I love baking shows. There’s something so satisfying about having dinner and then settling down on the sofa to watch professional or amateur chefs battle it out on Chopped, The Great British Bake Off, Zumbo’s Just Desserts, Master Chef, Cupcake Wars, and Worst Cooks in America.
I remember the first time I tried to make one of Mary Berry’s cakes. I’d seen an episode of The Great British Bake Off featuring Mary’s Victoria Sandwich, and after reading countless literary references to the Victoria Sandwich and Victoria Sponge, I was dying to try my hand at one.
I made the cake. It was tasty. When I made it for the second time, I put my own spin on it. I used lemon cake because I thought it would go nicely with the raspberry jam. After that, I used homemade strawberry buttercream instead of jam. I figured that it was my duty as an American to tinker with a traditional British dessert (insert wink).
Next, I focused on Paul Hollywood’s bread. Using his recipes meant learning to translate grams into ounces, the meaning of strong flour, and learning that bicarbonate of soda is baking soda and that caster sugar is granulated sugar. I began baking bread. It filled the house with such incredible aromas that I thought I’d never stop.
I didn’t exactly stop, but I was sidetracked by another show. This time, it was Nailed It! After my family watched the first episode, my daughter turned to me and said, “Let’s make everything they make.” I thought this was a crazy and wonderful idea.
The two of us started with the pigs in the hot tub cake and continued baking every weekend afterward. We gave away all the cakes and received just as much joy out of sharing the love and the sugar as we did baking together.
Why am I so attracted to cooking shows and to recreating their recipes? I guess the experience allows me a different form of creative expression. I’ve noticed that the more I create in the kitchen, the more energy I have for my writing.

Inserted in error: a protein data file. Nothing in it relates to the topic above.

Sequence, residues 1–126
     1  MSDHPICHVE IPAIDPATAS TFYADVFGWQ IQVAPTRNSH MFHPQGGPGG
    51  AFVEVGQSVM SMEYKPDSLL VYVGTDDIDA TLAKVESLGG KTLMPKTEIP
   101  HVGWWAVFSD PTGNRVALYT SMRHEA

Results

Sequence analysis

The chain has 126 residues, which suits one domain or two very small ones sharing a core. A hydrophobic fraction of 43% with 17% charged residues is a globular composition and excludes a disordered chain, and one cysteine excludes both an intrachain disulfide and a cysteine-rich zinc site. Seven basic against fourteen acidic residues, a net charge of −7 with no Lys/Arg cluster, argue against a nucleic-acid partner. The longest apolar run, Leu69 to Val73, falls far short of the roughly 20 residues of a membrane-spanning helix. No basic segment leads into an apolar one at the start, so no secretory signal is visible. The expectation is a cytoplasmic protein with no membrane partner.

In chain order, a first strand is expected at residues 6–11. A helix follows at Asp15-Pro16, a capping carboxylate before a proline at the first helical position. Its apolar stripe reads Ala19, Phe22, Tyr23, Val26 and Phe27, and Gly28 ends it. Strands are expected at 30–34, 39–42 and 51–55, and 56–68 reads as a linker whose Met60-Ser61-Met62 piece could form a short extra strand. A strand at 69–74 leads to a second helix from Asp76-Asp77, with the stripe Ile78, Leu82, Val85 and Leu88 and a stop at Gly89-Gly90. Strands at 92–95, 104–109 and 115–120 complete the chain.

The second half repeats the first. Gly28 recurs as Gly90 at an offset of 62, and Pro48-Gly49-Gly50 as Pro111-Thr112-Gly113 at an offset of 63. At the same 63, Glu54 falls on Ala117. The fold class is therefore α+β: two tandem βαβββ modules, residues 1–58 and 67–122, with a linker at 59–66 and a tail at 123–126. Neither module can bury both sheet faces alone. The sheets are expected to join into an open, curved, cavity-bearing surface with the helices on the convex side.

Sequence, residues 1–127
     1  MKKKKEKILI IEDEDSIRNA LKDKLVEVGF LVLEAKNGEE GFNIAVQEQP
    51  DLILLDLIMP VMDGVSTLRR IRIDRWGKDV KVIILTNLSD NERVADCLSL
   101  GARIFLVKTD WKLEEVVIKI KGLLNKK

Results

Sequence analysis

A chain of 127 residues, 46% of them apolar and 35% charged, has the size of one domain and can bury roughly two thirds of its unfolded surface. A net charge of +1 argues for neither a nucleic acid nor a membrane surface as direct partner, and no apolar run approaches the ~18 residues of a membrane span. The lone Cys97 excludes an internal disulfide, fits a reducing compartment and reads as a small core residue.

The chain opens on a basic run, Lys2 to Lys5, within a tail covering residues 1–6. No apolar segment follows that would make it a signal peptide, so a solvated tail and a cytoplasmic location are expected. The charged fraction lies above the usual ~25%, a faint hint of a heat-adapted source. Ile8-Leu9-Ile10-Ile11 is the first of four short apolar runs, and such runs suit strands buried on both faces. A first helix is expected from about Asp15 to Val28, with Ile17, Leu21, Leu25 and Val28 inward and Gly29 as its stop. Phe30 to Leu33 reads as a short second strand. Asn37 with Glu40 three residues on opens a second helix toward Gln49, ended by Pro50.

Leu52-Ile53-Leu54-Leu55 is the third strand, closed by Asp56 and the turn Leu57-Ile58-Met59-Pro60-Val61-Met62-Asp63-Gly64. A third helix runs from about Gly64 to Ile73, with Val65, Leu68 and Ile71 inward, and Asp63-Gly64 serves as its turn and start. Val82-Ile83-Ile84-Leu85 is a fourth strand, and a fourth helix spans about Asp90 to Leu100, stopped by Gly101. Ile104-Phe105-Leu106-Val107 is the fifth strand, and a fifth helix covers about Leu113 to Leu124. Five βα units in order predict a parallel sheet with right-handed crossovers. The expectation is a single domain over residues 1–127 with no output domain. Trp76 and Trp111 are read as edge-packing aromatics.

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So if you see me posting cakes or other food creations on social media, don’t worry that I’m spending too much time away from my keyboard. I’m a woman. That means I can multi-task. I can eat a cupcake with one hand and type with the other.
Here’s to food, books, and making memories with the people we love!
Storyton Hall, Virginia, is a paradise for book lovers who come from all over for literary getaways. But manager Jane Steward is temporarily leaving for another renowned resort—in hopes of solving a twist-filled mystery . . .
Jane’s boyfriend is missing, and she thinks she may find him at North Carolina’s historic Biltmore Estate. Officially, she’s there to learn about luxury hotel management, but she’s also prowling around the breathtaking buildings and grounds looking for secret passageways and clues. One of the staff gardeners promises to be helpful . . . that is, until his body turns up in a potting shed.
When she finally locates the kidnapped Edwin, his captor insists that she lead him back to Storyton Hall, convinced that it houses Ernest Hemingway’s lost suitcase, stolen from a Paris train station in 1922. But before they can turn up the treasure, the bell may toll for another victim . . .
“Combines clever clues, a smart and courageous heroine and an interesting setting in a whodunit that will inspire readers to make further visits to Storyton Hall.” —Richmond Times-Dispatch on Murder in the Paperback Parlor